04/29/2011 02:34 pm ET Updated Jun 29, 2011

Birther, Climate Denier... Same Difference

Well, the great national nightmare is over. President Obama released his long-form birth certificate on Thursday. This settles the issue... again. I could go on about how depressing it is that it all came to this.

But my point in this quick blog is just to say that the vigorous discussion about how the media covered this topic sounded eerily familiar to me. For example, here's ABC's Jake Tapper quoted in a Huffington Post story:

"One of the biggest problems is how many reporters have treated this as if it's a subject for debate and not just a lie," Tapper said in an interview.

"Instead of covering this the same way you would cover someone saying that the earth is flat -- just a demonstrable untruth -- too many reporters and anchors have allowed this to become 'critics say X,'" Tapper continued.

Just imagine if Tapper were discussing how the media covers climate change? Wouldn't it ring true? Granted, global climate models are infinitely more complicated than, say, a Certificate of Live Birth. But doesn't that make clarity from the press about how solid the data is -- and how broad the scientific consensus is -- even more important? When the media "debates" whether it's actually getting hotter over the last century -- a fact -- it really makes it hard to discuss more complicated topics.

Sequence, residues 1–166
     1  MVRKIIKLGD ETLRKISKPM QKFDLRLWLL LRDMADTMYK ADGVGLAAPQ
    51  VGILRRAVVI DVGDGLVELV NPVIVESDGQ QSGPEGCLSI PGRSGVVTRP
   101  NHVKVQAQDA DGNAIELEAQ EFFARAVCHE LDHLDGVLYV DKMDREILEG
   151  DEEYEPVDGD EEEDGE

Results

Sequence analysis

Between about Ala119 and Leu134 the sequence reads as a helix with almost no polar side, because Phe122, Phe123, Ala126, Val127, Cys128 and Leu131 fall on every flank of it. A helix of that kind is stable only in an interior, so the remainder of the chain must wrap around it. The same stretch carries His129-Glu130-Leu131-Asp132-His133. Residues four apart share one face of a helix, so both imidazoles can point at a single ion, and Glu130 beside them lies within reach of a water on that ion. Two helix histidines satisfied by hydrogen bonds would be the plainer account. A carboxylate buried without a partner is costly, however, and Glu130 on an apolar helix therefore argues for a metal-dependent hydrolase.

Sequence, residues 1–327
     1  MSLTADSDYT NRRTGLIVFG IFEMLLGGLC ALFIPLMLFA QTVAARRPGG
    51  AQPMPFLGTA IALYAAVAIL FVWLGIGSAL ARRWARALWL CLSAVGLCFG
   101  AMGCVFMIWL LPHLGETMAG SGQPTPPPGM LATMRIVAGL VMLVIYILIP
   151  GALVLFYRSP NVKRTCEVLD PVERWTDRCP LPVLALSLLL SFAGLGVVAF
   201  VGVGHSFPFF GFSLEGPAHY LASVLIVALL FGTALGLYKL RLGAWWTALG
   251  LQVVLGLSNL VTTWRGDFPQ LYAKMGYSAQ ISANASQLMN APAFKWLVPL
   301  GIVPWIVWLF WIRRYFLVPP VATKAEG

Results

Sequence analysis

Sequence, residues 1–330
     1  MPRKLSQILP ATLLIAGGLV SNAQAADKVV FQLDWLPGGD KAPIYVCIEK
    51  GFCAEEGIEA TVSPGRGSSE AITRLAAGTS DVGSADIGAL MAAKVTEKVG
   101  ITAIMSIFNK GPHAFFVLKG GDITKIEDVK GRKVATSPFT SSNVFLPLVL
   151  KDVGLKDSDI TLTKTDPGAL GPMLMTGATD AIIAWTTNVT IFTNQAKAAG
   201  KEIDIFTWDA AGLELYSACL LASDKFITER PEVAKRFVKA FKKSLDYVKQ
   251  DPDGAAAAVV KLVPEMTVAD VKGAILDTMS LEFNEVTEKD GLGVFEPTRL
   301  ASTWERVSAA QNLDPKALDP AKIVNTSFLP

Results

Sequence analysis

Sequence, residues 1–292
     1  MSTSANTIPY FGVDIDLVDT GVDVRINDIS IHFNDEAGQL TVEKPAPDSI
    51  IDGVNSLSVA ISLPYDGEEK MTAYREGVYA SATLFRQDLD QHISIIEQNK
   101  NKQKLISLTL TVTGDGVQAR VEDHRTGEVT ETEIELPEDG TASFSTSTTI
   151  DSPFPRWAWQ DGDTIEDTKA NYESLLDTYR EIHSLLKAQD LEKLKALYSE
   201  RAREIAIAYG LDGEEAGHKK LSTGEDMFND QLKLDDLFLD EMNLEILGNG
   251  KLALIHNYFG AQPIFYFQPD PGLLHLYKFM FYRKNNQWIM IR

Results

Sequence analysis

And when they place thousands of scientists on one side and equate their views with basically a paid spokesperson for a think tank or particular industry on the other, they propagate a lie.

It was good to see a bit of media gut-checking going on. We do have serious problems (and no, the budget isn't the only one), and we need focus on fact-based discussions. Sustainability is hard enough without false equivalence and lazy journalism mucking up the works.

In my work, I always say it doesn't matter whether you believe in climate change or not. The things businesses and our country would do to tackle carbon are things they should do anyway for both profitability and competitiveness. But not debating climate science all the time doesn't mean we have to accept falsehoods either.